Essays on population aging, fiscal policy, and international tax exporting

Date of Award


Degree Type


Degree Name

Doctor of Philosophy (PhD)




Douglas J. Holtz-Eakin


Population aging, Fiscal policy, Tax exporting, International capital flows, Trade liberalization

Subject Categories

Economics | Social and Behavioral Sciences


This dissertation consists of three essays in public economics. In the first two essays, I examine the relationship between population aging, fiscal policy decisions, and open capital markets. The last essay is a study on international taxation.

In Essay I, I consider projected population aging in both developed and developing countries. This paper explores the roles of both a politically responsive fiscal policy and international capital mobility to explain the effects of worldwide population aging trend on growth and welfare of countries. It also has a scenario analysis for the timing of developing country aging. The results show that the interaction of capital mobility and endogenous fiscal policy may reverse the effects of aging on growth and welfare as predicted by closed economy and exogenous fiscal policy models. Furthermore, countries' reactions differ significantly with the timing of the demographic shocks.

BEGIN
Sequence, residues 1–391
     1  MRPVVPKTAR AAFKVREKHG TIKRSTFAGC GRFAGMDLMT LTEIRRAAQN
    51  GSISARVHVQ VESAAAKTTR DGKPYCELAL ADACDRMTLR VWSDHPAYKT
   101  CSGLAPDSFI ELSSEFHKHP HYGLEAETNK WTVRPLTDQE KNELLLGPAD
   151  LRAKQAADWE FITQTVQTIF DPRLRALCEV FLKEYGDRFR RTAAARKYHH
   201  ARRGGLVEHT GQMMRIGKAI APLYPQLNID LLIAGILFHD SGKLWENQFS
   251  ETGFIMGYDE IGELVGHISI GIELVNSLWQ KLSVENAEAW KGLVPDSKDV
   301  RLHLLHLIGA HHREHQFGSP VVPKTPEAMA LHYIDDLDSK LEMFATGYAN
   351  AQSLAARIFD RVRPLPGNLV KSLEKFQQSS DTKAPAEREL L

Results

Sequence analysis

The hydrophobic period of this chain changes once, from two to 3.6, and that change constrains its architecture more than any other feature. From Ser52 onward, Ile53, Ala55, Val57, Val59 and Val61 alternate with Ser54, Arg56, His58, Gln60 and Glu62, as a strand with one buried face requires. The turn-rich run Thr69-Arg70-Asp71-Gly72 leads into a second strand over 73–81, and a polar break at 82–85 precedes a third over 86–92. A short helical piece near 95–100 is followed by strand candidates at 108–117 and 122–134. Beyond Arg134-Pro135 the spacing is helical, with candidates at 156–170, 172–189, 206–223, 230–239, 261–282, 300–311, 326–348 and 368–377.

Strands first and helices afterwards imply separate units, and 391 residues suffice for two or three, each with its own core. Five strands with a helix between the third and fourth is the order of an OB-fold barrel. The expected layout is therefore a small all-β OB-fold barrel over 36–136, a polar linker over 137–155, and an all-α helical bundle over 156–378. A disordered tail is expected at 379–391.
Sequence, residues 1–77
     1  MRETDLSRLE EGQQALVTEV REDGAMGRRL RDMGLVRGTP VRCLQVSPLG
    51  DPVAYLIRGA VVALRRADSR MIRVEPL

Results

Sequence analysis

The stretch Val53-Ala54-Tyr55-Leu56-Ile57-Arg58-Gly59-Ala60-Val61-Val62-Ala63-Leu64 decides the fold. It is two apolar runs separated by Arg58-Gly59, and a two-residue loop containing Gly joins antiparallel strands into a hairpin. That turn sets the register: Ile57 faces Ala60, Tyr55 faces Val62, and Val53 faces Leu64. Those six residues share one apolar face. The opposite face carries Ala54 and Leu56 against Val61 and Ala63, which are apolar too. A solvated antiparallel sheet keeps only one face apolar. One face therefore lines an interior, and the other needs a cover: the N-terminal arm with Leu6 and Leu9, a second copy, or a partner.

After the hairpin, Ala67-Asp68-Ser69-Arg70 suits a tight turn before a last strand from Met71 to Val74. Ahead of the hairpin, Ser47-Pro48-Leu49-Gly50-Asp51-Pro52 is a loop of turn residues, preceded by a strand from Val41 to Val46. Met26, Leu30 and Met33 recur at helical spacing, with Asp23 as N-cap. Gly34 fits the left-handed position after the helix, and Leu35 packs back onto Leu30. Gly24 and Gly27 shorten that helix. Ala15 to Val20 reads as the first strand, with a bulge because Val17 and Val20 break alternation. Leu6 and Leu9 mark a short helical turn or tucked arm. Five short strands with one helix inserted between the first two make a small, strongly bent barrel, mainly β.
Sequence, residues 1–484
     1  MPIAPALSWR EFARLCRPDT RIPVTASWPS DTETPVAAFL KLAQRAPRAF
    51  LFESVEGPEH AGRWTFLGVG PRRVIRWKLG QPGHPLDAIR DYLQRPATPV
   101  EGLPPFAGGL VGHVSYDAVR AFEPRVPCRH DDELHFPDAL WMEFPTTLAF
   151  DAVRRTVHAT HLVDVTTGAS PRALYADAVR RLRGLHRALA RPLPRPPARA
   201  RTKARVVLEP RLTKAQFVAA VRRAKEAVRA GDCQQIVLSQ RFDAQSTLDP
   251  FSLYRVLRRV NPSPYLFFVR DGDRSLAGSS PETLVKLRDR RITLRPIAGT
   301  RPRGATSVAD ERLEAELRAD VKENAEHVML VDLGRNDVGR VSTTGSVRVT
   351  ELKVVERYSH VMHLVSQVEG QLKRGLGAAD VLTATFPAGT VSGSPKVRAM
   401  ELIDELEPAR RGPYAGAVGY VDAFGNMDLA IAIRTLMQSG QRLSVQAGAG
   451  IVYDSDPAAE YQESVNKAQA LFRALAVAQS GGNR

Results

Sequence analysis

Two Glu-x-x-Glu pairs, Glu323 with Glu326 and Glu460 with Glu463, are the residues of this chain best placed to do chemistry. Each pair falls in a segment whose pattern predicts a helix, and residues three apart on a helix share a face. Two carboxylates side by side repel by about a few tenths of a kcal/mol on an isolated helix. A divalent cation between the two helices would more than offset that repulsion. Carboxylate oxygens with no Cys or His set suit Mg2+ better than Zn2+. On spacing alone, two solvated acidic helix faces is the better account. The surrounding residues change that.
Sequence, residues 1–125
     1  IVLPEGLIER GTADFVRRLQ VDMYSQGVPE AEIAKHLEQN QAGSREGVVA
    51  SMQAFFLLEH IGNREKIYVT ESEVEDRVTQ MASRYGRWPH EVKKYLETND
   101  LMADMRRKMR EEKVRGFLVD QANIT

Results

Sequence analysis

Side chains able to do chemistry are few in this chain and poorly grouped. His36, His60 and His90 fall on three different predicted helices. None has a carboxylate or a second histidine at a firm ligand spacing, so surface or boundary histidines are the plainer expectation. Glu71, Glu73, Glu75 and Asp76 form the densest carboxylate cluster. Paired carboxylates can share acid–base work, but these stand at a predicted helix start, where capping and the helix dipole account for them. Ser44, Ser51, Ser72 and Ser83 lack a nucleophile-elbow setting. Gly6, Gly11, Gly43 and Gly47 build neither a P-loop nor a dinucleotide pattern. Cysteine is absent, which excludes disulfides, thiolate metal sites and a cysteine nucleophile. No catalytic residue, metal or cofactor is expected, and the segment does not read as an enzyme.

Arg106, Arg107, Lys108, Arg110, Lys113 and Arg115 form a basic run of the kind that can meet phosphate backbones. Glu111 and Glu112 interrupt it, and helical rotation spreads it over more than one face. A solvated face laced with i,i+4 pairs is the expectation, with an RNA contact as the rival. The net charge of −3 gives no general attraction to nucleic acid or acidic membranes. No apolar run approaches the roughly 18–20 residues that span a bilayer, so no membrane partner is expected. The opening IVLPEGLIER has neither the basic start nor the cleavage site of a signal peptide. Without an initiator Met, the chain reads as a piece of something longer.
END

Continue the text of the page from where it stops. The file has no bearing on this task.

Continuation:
Essay II is coauthored by Douglas J. Holtz-Eakin and Mary E. Lovely. We investigate the effect of a demographic transition on the endogenous determination of public spending for education. A demographic transition alters the identity of the median voter, leading to a preference for less education spending. If the public sector is inefficiently small, demographic transition exacerbates the under-provision of human capital. Alternatively, such a shift may trim an inefficiently large government, reduce tax rates and raise capital per worker enough to raise education spending. Thus, there is no automatic link between demographic transition and reduced support for government programs that primarily benefit the young.

The third and the final essay is an empirical study on tax revenue changes and tax exporting incentives. The goal is to provide empirical estimates of the degree to which policymakers take advantage of their ability to substitute exportable domestic taxes for direct taxes on international transactions. I provide evidence that there has been a statistically and economically significant move from international trade taxes to domestic taxes on goods and services in non-OECD countries as a result of significant trade liberalization since mid-1980s. This is particularly important since it may reflect the policymakers' desire to export the taxes on goods and services that cross borders.


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